Tags: hyperbaric | brain trauma | PTSD | Joe Namath

Good News for Traumatic Brain Injury

By Wednesday, 05 August 2015 04:59 PM Current | Bio | Archive

Recently, a number of articles have highlighted the value pro football Hall of Famer Joe Namath found in treating brain problems with hyperbaric oxygen therapy (HBOT).

In fact, Joe was so pleased with the results that he has formed the Joe Namath Neurological Research Center in Jupiter, Fla., to further research of the use of Hyperbaric Oxygen Therapy in cases of traumatic brain injury (TBI).

Additional articles on the value of HBOT have come out of the military, where they ran some studies using air under pressure, which they called a placebo, in comparison to HBOT.

The problem is that air under pressure is not a placebo, as there is significant increase in the oxygen levels in blood with the increased pressure. Therefore, there was not significant difference in the placebo group versus the ones that received HBOT.

The failure to understand that air under pressure is not a placebo goes back a number of years, when there was a Canadian study on treatment of cerebral palsy with HBOT — which delivered the same result.

However, my experience, and that of many others, has shown that HBOT is very effective in treating cerebral palsy.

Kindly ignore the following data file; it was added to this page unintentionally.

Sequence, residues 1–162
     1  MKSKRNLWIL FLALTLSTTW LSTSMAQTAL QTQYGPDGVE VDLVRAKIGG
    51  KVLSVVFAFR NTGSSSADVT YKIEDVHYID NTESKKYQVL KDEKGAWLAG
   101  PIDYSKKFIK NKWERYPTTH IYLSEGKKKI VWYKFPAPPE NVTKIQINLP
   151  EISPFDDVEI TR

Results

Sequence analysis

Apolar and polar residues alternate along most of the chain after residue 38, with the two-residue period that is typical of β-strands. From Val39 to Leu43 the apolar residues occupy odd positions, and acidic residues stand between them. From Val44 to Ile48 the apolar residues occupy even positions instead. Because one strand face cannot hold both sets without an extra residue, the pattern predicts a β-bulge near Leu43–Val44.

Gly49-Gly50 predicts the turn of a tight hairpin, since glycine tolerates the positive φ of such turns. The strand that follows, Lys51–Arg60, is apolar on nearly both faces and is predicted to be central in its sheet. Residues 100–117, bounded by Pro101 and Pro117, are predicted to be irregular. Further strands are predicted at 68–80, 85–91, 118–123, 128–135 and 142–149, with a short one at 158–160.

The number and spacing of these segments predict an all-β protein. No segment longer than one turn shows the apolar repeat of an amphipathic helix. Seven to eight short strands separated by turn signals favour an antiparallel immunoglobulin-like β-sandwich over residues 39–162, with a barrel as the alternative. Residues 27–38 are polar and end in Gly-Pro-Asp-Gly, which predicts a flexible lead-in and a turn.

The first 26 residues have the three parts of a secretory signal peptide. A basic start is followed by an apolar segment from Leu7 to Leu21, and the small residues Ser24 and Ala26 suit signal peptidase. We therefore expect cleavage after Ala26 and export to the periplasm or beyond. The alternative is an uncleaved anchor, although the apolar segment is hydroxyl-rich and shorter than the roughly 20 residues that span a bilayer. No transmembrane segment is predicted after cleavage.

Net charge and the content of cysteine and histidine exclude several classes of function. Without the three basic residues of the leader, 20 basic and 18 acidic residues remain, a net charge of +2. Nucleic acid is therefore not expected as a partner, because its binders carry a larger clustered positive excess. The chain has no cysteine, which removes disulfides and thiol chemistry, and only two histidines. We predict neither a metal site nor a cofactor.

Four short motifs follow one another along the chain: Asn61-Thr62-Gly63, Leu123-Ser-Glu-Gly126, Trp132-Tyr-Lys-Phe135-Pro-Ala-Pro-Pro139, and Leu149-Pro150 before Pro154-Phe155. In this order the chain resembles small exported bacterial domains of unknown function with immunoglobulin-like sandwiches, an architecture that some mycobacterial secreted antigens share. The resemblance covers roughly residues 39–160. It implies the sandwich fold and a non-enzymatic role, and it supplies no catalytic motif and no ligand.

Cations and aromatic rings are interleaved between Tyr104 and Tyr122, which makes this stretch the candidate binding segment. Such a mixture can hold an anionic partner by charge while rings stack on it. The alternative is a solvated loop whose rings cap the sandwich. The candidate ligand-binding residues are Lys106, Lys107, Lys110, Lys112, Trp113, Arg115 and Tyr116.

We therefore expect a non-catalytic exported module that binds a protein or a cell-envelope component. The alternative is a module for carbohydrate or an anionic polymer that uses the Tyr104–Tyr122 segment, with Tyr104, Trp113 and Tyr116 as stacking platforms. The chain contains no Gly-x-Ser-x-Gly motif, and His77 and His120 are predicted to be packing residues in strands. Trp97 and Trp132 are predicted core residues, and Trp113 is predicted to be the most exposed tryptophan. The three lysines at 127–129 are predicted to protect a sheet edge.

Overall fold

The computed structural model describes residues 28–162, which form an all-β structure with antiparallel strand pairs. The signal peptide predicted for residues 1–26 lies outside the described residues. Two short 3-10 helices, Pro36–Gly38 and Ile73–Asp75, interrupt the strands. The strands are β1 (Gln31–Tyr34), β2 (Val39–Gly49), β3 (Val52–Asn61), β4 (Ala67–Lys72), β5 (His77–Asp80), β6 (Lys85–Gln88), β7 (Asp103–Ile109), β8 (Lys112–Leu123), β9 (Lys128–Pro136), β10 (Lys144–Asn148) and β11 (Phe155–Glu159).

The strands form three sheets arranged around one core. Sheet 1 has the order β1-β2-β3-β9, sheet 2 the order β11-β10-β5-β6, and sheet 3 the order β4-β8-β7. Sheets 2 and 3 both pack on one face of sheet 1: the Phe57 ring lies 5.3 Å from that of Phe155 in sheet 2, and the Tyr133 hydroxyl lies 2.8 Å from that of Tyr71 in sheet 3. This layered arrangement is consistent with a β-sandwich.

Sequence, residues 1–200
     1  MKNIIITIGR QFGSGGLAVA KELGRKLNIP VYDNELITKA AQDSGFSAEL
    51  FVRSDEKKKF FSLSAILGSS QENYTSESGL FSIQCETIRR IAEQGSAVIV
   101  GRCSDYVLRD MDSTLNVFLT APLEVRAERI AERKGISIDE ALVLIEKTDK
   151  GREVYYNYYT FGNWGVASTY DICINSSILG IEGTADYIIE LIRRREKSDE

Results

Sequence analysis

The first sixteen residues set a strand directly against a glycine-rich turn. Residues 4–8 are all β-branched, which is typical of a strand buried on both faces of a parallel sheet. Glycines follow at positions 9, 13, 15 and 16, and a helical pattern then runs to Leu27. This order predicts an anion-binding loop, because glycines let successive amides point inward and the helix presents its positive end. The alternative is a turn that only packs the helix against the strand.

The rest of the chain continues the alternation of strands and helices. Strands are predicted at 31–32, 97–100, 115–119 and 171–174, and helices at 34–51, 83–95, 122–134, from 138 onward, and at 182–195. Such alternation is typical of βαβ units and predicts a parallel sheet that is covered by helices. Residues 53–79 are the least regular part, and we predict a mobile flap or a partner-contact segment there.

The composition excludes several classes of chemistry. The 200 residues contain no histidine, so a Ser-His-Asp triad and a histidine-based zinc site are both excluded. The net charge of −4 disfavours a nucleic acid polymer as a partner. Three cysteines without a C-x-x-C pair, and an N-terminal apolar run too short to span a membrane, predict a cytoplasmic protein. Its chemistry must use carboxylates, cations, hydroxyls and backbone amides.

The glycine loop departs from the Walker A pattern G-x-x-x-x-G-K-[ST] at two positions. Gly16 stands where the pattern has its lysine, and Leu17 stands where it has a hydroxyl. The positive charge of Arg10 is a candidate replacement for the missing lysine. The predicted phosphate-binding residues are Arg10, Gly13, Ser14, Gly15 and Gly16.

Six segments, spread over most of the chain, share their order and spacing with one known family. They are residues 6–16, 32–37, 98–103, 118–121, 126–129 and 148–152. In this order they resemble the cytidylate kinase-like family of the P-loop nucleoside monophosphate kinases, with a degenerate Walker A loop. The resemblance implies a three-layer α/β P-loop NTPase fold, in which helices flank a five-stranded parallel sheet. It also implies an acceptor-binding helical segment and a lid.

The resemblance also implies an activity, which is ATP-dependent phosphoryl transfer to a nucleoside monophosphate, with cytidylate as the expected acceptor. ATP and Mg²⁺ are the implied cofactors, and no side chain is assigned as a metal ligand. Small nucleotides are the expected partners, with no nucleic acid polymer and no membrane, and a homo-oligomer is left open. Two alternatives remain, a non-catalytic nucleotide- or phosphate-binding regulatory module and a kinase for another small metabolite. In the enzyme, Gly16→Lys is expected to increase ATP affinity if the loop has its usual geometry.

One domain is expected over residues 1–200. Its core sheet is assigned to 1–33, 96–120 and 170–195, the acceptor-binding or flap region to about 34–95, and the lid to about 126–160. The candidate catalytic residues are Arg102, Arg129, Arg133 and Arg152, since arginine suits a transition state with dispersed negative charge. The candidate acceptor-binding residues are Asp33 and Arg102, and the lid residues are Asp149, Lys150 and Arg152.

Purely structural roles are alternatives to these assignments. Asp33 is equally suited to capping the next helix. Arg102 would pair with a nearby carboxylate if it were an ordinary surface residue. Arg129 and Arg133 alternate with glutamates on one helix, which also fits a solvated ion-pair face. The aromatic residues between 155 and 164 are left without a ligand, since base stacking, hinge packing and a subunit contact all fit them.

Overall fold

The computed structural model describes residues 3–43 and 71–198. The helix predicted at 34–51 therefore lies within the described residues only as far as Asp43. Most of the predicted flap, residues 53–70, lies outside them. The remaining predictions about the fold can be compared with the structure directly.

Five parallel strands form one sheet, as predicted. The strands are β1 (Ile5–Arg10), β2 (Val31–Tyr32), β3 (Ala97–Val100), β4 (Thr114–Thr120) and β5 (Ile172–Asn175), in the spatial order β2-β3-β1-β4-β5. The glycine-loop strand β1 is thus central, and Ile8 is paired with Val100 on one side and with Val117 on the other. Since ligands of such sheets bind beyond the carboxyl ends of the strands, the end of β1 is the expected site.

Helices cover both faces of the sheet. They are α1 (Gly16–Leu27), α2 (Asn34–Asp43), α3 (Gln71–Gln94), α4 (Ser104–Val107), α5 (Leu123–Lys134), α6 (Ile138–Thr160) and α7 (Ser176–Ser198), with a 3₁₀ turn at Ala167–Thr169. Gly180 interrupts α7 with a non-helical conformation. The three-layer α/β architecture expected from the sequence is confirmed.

Other articles that have been published in recent years suggest that SPECT brain scans can differentiate between TBI and post-traumatic stress disorder (PTSD).

The articles report that with TBI or blast exposure, injury to the brain tissues shows up as areas of decreased localization on the SPECT brain scan, whereas a patient with pure PTSD will show some increased localization in the basilar areas in the basal ganglia, insula, thalamus, prefrontal cortex, and temporal lobes.

TBI causes decreased localization in these areas due to impairment of brain function secondary to the brain injury from the concussive trauma or vascular problems caused by blast.

The ability of SPECT brain scans to differentiate between TBI and PTSD is critical, as the treatment programs for these two conditions are different.

Again, I would note that HBOT has been of significant benefit for treating both conditions, particularly TBI.

Hopefully, the value of SPECT brain scans will be better appreciated because of these articles and others that will be published in the future.

It is unfortunate that, even today, a number of physicians are not aware of the value of SPECT brains scan, and know little of the value of HBOT. In my experience, SPECT brain scans are extremely useful in demonstrating brain injury — especially in patients who have been told that their symptoms were psychological. The scans have also been beneficial in providing a mechanism to document physical responses to HBOT.

I believe that SPECT brain scans and HBOT will both soon be recognized as medical procedures with significant benefits.

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Recently, a number of articles have highlighted the value pro football Hall of Famer Joe Namath found in treating brain problems with hyperbaric oxygen therapy.
hyperbaric, brain trauma, PTSD, Joe Namath
Wednesday, 05 August 2015 04:59 PM
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